Other objects of the present invention are achieved by an optical disk recording device, comprising first and second recording units to record data on first and second optical disks, each disk having tracks of plural sectors with a larger number of sectors per track at the exterior circumference of each optical disk and a smaller number of sectors per track at the interior circumference of each optical disk, and a control unit to divide data to be recorded for use on the first and second optical disks, to send the divided data to the first and second recording units, to cause performance by the first recording unit of recording of data to the first optical disk, in a direction in succession from the exterior circumference towards the interior circumference, and to cause performance by the second recording unit of recording of data to the second optical disk, in succession from the interior circumference towards the exterior circumference.

Still further objects of the present invention are achieved by an optical disk playback device, comprising a plurality of playback units which playback data recorded in at least two optical disks, and a control unit to control, and to keep substantially fixed, total playback amount per unit time of the data from the optical disks, and in addition to combine data from the optical disks played back by the plurality of playback units.

Yet further objects of the present invention are achieved by an optical disk playback device, comprising first and second playback units to playback data recorded on first and second optical disks which have tracks of plural sectors, with a larger number of sectors per track at the exterior circumference of each optical disk and a smaller number of sectors per track at the interior circumference of each optical disk, and a control unit to perform, in succession from the outer circumference of the first optical disk towards the inner circumference, playback of data from the first optical disk by the first playback unit, and which causes to perform, in succession from the inner circumference towards the outer circumference, playback of data from the second optical disk by the second playback unit, and to combine the data from the first and second optical disks played back by the first and second playback units.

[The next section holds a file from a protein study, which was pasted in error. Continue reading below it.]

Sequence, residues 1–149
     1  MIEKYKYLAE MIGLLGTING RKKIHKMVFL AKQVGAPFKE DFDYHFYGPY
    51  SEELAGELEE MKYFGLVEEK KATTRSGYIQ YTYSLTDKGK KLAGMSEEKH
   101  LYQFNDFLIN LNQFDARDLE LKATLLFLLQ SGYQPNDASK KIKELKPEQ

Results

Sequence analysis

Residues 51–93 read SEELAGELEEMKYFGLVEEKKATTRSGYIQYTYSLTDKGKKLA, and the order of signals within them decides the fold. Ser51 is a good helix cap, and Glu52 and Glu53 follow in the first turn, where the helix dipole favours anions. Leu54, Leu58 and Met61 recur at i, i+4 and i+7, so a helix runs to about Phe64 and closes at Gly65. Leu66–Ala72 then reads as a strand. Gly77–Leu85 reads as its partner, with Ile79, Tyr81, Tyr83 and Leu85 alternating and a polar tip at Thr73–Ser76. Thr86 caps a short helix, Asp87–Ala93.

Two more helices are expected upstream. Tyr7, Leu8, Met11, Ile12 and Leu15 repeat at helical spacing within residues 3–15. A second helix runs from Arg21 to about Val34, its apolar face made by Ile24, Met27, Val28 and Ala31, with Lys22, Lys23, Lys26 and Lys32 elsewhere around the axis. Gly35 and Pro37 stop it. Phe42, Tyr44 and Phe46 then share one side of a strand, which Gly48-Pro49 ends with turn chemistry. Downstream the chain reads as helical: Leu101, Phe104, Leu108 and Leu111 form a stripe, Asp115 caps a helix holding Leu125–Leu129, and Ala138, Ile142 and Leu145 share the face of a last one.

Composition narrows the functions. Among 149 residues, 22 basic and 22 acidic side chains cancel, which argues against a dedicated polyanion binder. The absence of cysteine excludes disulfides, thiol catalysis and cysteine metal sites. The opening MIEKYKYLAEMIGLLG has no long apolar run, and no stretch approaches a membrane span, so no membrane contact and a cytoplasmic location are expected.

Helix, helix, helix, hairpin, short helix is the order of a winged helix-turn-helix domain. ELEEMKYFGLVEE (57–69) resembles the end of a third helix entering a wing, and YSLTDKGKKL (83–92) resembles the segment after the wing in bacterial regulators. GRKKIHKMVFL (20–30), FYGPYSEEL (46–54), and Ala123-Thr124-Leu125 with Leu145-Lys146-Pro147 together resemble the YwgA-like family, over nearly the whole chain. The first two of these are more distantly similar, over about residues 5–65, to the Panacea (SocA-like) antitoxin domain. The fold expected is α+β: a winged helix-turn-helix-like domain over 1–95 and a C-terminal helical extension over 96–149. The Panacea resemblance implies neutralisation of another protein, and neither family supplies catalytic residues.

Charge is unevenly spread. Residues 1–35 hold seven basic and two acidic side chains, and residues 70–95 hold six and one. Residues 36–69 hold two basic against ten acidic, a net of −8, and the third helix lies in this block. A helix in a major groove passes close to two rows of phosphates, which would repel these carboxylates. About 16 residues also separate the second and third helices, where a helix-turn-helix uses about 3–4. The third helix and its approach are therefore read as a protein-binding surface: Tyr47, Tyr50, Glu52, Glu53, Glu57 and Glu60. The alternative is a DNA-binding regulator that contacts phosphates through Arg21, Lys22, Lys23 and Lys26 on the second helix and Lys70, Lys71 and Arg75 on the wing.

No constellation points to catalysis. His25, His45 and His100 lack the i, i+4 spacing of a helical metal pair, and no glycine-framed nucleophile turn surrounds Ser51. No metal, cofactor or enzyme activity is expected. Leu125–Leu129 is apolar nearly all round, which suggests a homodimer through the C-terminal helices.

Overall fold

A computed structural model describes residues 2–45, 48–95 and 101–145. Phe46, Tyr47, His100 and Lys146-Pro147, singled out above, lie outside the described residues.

Further objects of the present invention are achieved by an optical disk system, comprising a housing unit to house magazines in which plural optical disks are housed, and a plurality of record/playback units to perform recording or playback with respect to the plural optical disks, and a conveyance unit to convey to the record/playback unit the optical disks housed in the housing unit, wherein the conveyance unit, after the magazines have been housed in the housing unit, conveys to a predetermined record/playback unit among the plurality of record/playback units, the optical disk housed in a predetermined position of the magazine.

Yet even further objects of the present invention are achieved by an optical disk system, comprising a housing unit to house magazines in which a plurality of optical disks are housed, a plurality of record/playback units to perform recording or playback with respect to the plurality of optical disks, and a plurality of conveyance units to respectively convey to the plurality of record/playback units, the respective plurality of optical disks housed in the housing unit, wherein the respective conveyance units, after the magazines have been housed in the housing unit, convey to respective of the record/playback units previously placed in correspondence, the respective optical disks housed in the magazines.

Additional objects and advantages of the invention will be set forth in part in the description which follows and, in part, will be obvious from the description, or may be learned by practice of the invention.